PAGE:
As the summary graphic above suggests, there were some exceptional Castillos.  And none of them, even the two samples that George scored 52, was penalized for this “signature” Castillo trait.  Castillo samples didn’t just manage to break the 90-point barrier, they also managed to evade the descriptors that have haunted Castillo in specialty circles and contributed to its persistent reputation for inferior cup quality.

Adding his own weighty voice to the growing chorus of quality experts who are wondering whether Castillo and Caturra are even distinguishable from one another, he said of the Castillo samples on the table: “I couldn’t possible have picked them out.”



George told me during a recent conversation that the bags for his Terroir Coffee brand used to be printed with this tagline: “Terroir.  Variety.  Craftsmanship.”  This detail struck me, because even though his messaging may have been in the main for marketing, it is wholly consistent with a more rigorous framework used agricultural sciences that can help us make sense of what makes some coffees extraordinary.

G x E x M is shorthand for genotype-environment-management, a research framework for analyzing the interactions of these three independent variables on a dependent variable of interest, in this case, coffee quality.  The elements of the G x E x M model mirror those of George’s tagline: genotype = variety, environment = terroir, and management = craftsmanship.

Why the reference to G x E x M?  Because George has been working with this framework for years under a different (and infinitely more seductive) name, and understands as well as anyone the importance of the interactions bewteen those three variables and coffee quality.  And because for all the careful design of this particular trial, George is not convinced that we have isolated the impact of the G on cup quality.  He suspects that in this case the E and the M may have had more definitive influence on cup quality than the G.  (It is hard to look at this scatterplot graph from the Stumptown cupping and not see the suggestion of a strong positive relationship between elevation and cup quality–an important aspect of the E–independent of variety, or G.)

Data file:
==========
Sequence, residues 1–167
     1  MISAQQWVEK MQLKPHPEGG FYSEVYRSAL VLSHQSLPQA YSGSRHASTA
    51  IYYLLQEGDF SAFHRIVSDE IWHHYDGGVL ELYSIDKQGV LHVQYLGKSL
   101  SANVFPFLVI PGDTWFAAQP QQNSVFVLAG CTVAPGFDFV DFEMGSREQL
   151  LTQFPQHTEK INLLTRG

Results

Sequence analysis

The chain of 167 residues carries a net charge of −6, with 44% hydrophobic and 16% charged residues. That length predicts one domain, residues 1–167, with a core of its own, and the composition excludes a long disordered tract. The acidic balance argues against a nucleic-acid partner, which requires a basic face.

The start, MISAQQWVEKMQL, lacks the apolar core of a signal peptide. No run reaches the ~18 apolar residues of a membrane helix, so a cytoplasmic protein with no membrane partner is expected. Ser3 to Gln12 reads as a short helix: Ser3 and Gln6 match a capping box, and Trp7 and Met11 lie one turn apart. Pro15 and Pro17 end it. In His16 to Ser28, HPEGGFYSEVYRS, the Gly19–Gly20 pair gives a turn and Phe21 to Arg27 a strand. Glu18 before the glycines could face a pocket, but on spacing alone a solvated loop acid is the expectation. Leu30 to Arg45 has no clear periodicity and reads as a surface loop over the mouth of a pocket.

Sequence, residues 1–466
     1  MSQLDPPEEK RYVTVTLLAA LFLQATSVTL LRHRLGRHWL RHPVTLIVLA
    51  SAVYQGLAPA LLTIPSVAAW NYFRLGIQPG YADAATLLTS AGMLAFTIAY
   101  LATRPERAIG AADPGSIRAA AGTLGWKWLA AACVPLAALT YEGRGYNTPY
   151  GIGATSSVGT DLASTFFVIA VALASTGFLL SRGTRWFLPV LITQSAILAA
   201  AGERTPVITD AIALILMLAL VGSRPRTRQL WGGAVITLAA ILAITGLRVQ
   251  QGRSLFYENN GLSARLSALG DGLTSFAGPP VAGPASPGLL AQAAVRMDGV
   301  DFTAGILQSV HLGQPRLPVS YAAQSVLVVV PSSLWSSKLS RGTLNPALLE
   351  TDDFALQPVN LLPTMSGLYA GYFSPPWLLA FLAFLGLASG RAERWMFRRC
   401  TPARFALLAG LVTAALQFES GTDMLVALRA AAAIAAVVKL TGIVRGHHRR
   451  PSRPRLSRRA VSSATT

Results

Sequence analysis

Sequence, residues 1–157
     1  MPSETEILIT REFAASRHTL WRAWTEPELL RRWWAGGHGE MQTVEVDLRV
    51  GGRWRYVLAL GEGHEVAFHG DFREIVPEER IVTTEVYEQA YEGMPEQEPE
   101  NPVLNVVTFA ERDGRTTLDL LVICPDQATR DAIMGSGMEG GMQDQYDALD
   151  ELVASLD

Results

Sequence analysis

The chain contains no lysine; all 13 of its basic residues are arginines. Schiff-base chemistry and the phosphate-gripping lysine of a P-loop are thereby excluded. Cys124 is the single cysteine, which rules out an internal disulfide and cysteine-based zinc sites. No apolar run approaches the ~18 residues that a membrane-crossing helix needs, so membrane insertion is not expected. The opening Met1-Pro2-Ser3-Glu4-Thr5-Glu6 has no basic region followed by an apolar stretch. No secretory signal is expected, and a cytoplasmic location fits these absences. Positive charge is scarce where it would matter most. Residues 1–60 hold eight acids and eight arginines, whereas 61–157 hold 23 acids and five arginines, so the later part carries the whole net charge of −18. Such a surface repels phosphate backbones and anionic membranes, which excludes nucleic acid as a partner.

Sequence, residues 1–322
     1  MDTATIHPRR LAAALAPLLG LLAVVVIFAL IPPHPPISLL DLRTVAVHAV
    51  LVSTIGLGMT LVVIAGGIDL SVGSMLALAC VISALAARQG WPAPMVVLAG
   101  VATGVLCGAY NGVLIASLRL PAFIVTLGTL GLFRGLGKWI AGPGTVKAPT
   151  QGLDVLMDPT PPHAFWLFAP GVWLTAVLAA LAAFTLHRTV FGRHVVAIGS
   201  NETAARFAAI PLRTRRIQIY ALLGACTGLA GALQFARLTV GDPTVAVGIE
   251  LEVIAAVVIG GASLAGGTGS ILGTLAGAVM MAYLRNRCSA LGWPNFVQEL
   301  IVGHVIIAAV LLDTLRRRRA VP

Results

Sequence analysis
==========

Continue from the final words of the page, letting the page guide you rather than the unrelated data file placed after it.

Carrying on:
For future iterations of this process, he recommends using a Cup-of-Excellence format to separate out “best-in-variety” samples of Castillo and Caturra and cupping those samples head-to-head.  This has been George’s interest since we started discussing the trial nearly a year ago: to map the quality frontiers of each variety, or as he put it, “to taste the best expressions of both varieties.”

And he doesn’t think we can get there through the methodology we applied to this round of research.  “Cupping the best of both is the only way you will have clarity as to which variety is better,” he says.



The last five Colombian lots George purchased were all single-variety Caturra lots.  Don’t expect his preference for purchasing Caturra, informed by many years of experience and countless cuppings, to change anytime soon as the result of this exercise.  But he was surprised by some of the Castillos he cupped.

So what impact did the experience have on George Howell?

“It opens me more to tasting Castillo samples.”

- – - – -

This conversation with George Howell is the fifth in an ongoing series of interviews with specialty coffee tastemakers in connection with the CRS Colombian Varietal Cuppings

<< Last post: Stumptown.




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436. The CRS Colombian Varietal Cuppings: Stumptown Tue, 02 Dec 2014 10:00:41 +0000 Michael Sheridan Today I interview Adam McClellan, green coffee buyer for the iconic Portland-based roaster Stumptown, as we resume our series of conversations with specialty coffee tastemakers regarding their participation in our Colombian Varietal Cuppings.